Heating with biomass pellet stoves.

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A pellet stove is a type of stove that burns wooden or biomass pellets as its heating source and functions very much like any other wooden or gas stove. Fuel must be slowly fed through the storage container or hopper into the burn pot area that creates a constant flame which usually needs very little adjustment. Oil drums, braziers and barreled stoves were popularly used during the times of the Great Depression and sawdust wooden stoves have also played a vital role in this century. It was in 1930 that the presto log (artificial fuel for wood burning which was used to recycle sawdust from sawmills) was introduced and from it evolved the pellet stove. The pellet stove first emerged in the Washington state in the early 1980′s.

Since then the pellet stove has advanced to a great extent and today they are automated and much efficient in their functioning than wooden stoves. A typical pellet stove today can hold up to 60 lbs and the pellets get automatically fed into the combustion chamber whenever desired. The other advantage is the fact that most pellet stoves can be easily installed through a wall and offer more installation options because they contain smaller venting pipes. Also, since pellet stoves use the principle of convection in their heating, a room heated by a pellet stove will be much more comfortable rather than an over-heating wooden stove. Also, the burning cycle of a pellet stove takes longer and hence, re-insertion of pellets needn’t be done often.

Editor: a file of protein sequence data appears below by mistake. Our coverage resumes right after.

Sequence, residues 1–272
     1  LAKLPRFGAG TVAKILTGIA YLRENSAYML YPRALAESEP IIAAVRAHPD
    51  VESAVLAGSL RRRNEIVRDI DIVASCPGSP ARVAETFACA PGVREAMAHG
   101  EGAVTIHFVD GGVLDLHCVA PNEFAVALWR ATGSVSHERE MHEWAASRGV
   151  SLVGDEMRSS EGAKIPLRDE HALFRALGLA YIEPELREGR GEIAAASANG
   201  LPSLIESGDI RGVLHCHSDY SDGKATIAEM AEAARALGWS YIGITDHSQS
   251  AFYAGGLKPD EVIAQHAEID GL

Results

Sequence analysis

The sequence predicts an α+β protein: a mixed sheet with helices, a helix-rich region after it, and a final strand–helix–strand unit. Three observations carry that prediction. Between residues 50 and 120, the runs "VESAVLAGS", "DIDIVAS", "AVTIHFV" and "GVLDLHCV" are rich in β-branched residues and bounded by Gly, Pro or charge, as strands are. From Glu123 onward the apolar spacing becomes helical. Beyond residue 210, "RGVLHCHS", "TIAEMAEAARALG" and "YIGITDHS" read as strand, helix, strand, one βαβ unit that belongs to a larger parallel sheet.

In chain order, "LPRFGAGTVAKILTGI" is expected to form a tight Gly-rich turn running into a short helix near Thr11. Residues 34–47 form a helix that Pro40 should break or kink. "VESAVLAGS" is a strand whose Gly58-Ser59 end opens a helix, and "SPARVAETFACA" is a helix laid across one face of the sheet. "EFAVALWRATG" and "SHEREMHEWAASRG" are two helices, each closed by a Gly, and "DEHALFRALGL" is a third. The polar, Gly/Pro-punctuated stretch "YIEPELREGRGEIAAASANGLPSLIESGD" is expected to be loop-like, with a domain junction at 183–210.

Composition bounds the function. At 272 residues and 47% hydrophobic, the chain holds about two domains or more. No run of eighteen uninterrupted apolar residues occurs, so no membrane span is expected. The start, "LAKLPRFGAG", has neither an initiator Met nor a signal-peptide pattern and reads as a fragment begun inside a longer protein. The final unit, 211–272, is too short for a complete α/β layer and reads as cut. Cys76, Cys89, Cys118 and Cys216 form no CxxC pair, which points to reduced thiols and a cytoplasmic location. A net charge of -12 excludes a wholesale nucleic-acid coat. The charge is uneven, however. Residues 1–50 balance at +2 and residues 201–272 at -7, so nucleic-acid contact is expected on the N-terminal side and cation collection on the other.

There are so many other benefits of using pellet stoves. The main advantage is that pellet stoves are highly versatile. Pellet stoves are self-ignitable and cycle automatically in relation to their thermostats. Today, the most modern pellet stoves have computer chips installed within them so that any internal fault can be easily detected and also, can be remote controlled. The percentage of ash a pellet stove releases is almost negligible for pellets burn cleanly. Even though pellet stoves are meant to burn pelletized wood, they also burn corn, grain and wood chips efficiently. Amazingly, even waste paper can be used in pellet stoves.

One way we can all help the environment is through expanding the use of renewable energy. Sites like Solar Energy and Wind Power provide resources and comparisons of plans, and there are many sites that sell kits and complete systems. Decide today to embrace renewable energy of some kind.

Pellet stoves necessarily require two walled venting, normally three or four inches in diameter, preferably with a stainless steel interior and galvanized iron exterior. Precautions must be taken because pellet stoves release quite an amount of pressure and this pressure can cause smoke to leak through the system. Pellet stoves are much more advantageous in comparison to many other heating sources, but, getting an expert’s support in installing a pellet stove will always keep you on the safer side.

Dan T Brown.
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Heating with biomass pellet stoves.

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This article was published on 2010/10/18